The Case for Swearing

I use swearing quite a lot in my writing.

In fairness, I also use it in real life.

This is a point of disagreement between me and my mum. Not because I swear in front of her – I know better than that. But because we have opposing views on swearing.

To her, as to many people, it’s something needless and unpleasant.

But to me, it’s a vital part of our language. Swearing is an emotional carrier. It’s not about the meaning of the words themselves – that usually makes no sense in context. It’s the ability of swearing to accentuate the emotional tone of a message, whether that tone is anger, admiration, humour, or disgust.

Don’t get me wrong, there are problems with swearing. Certain words reinforce unpleasant implications about gender. Others reinforce taboos around sexual activities.

But in and of itself, I think that swearing is a vital part of our language.

The bad words

Swearing remains an awkward subject. Even within the limited confines of my house it’s divisive – I love to hear it entertainingly deployed, while Mrs K. can’t stand to be in the room while Deadwood‘s on because of the language. But it’s a linguistic tool, one that’s frequently used, one that can be a powerful cultural signifier, and one that we should consider when writing.

My view on swearing is that it works as an emotional carrier, words emptied of their literal meaning so that they can express emotions that we are not encouraged to describe. Many of us aren’t good at describing our love or hatred for something, and even when we do the effort of assembling the words may get in the way of unleashing our emotions. A good swear lets that out, and this may be why it’s more prevalent among people who are frustrated and ill-equipped to express their own needs.

But there are still taboos around swearing. If there weren’t it would lose that emotional power. The act of defiance, the chance to see a shocked response, is part of the catharsis swearing can achieve. These words aren’t neutral and universally accepted, and deploying them can be a form of conflict.

This is part of the power of swearing in telling a story. A character who swears may shock others, may escalate or enact conflicts through those words. The fact that a character swears and the sort of swearing they use can tell you a lot about them. And swearing can create humour, even poetry, through the way it is used, particularly the brutal deployment of bad language in incongruous situations. Just watch Bunk and McNulty’s kitchen crime scene from the first series of The Wire, or any number of scenes of Malcolm Tucker from The Thick of It, to see these uses skillfully combined.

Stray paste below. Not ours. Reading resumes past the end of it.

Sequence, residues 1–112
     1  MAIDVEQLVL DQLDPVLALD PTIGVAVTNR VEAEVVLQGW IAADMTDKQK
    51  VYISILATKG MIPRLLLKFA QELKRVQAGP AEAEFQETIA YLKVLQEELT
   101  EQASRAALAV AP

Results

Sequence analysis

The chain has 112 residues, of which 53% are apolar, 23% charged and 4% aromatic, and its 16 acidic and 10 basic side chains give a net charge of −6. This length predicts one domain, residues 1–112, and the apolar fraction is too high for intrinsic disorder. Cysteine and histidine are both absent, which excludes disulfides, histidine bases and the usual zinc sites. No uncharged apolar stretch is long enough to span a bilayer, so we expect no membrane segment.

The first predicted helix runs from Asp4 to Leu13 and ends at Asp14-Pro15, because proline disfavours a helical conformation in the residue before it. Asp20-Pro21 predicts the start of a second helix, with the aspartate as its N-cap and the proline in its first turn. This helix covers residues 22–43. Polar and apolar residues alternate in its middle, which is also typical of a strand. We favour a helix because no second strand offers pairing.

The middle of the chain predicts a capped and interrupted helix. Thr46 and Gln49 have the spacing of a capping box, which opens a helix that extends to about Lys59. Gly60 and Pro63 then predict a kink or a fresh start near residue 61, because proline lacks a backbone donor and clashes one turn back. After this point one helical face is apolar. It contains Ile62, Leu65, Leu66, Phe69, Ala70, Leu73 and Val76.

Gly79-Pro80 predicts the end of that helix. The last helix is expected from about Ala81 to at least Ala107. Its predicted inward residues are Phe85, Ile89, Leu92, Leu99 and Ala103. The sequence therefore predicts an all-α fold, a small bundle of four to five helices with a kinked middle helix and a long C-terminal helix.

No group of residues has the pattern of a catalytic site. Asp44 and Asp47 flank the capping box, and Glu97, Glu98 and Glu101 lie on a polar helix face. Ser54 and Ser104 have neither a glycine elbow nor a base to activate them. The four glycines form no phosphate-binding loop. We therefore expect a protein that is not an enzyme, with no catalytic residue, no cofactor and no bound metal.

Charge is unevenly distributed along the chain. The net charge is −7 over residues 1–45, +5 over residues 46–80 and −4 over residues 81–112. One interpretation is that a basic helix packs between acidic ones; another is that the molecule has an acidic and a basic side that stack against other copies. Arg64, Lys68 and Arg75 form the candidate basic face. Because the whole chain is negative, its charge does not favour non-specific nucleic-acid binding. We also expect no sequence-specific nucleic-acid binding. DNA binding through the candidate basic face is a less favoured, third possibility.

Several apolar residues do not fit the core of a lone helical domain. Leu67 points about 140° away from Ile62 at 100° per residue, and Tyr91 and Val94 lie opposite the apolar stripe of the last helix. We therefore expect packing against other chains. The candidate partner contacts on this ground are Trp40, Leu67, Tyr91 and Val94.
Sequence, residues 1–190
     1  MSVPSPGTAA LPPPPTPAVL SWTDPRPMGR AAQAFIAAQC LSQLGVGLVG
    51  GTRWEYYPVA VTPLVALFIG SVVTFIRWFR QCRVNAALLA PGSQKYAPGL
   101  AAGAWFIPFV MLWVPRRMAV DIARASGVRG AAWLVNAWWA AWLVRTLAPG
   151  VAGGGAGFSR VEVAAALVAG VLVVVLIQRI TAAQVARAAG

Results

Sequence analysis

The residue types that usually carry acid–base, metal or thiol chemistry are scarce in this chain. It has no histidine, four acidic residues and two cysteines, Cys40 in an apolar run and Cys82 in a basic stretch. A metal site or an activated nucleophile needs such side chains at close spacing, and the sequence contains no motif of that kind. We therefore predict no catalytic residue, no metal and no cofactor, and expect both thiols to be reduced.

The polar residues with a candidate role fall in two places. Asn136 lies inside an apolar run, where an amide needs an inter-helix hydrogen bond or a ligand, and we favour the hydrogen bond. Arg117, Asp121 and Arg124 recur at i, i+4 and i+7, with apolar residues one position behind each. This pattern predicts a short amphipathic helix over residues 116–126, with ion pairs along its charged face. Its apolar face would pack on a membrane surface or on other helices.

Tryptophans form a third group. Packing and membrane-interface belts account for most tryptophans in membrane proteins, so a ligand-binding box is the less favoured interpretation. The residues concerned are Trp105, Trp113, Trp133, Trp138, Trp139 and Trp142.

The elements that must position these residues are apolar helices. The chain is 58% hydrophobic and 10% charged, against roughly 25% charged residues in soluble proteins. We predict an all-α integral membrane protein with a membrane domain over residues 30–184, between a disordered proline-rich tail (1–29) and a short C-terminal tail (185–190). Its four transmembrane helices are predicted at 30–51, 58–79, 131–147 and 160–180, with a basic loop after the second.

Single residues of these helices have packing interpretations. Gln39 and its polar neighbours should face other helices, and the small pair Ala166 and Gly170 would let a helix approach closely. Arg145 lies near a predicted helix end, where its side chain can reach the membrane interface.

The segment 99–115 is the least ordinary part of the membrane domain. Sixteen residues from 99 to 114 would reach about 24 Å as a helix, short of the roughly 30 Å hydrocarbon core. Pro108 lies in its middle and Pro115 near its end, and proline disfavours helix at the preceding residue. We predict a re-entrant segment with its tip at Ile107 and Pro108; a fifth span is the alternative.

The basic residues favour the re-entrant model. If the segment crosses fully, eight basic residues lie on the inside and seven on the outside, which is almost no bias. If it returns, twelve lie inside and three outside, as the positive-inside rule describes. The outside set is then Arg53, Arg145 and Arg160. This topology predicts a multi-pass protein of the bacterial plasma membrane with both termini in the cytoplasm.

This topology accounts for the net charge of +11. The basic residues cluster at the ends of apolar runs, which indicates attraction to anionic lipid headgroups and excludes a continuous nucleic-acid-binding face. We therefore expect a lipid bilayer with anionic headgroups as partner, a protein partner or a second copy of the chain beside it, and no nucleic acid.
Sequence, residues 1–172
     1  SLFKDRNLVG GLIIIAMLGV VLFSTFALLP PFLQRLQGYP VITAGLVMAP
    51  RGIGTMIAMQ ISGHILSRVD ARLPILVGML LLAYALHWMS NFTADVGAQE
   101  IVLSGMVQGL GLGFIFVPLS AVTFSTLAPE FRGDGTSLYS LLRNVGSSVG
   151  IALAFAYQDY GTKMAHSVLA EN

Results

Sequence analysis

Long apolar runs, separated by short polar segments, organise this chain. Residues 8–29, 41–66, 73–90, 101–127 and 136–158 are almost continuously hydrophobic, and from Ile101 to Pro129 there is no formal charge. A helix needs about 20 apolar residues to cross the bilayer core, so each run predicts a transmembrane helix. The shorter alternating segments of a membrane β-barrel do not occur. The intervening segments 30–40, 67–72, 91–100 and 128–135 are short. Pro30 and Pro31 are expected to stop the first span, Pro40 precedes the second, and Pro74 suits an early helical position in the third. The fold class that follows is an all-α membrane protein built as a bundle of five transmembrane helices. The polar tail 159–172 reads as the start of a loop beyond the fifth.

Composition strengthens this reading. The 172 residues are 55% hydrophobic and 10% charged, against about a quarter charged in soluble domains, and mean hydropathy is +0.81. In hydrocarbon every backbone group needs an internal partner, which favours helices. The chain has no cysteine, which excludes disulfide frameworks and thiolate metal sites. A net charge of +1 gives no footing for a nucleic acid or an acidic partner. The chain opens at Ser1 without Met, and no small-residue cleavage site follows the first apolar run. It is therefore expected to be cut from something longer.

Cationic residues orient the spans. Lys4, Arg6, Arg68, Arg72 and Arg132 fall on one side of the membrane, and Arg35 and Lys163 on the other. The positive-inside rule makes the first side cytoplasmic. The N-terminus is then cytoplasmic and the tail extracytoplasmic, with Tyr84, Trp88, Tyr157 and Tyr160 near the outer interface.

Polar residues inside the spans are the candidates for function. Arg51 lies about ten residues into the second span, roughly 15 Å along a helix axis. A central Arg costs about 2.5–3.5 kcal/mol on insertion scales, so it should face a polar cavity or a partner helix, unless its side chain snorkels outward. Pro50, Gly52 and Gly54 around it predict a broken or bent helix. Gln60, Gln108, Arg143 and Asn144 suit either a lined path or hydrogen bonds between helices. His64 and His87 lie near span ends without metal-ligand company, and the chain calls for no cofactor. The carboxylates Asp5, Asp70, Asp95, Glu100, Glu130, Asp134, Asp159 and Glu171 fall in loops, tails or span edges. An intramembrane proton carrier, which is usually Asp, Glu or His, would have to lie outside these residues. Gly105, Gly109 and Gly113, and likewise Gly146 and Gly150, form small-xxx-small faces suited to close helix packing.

This isn’t to say that writers should always use swearing. But it should be an option in our arsenal of writers’ tools, one whose absence or presence can help give a story form.

Of idioms and elephants

Language can be a wonderful thing, as demonstrated for the gazillionth time in this article on the BBC news website. The article explores ten forms of endearment from around the world, from ‘fruit of my heart’ to ‘my flea’.

One of the wonderful things this highlights is the poetic role of idiom in language. I was recently watching an episode of Archer in which a character struggled again and again with translation because the speeches he was translating used American English idioms. Because idioms are culturally specific, their meaning rooted in their native culture and often lost in the depths of history, direct translation turns them into gibberish. But because of those cultural and historical roots, they are highly evocative in the native language.

They also reveal something about the culture they come from. The use of ‘gazelle’ as a term of endearment is rooted in Arabic history and taboos against direct depiction of certain subjects. The use of ‘little elephant’ in Thai connects to religion, history and even national pride. The Chinese ‘diving fish swooping geese’ evokes for me the precision and poetry of the land of Confucius, and is a reminder of the vast cultural differences between China and Europe.

Idioms speak powerfully of their native cultures. If as genre writers we can create idioms for our invented cultures then they can add depth through their poetry and all they imply about their origins, as long as the audience still understands our meaning. We need our idioms to translate.

And now, my little pirate robots, I’m off to write.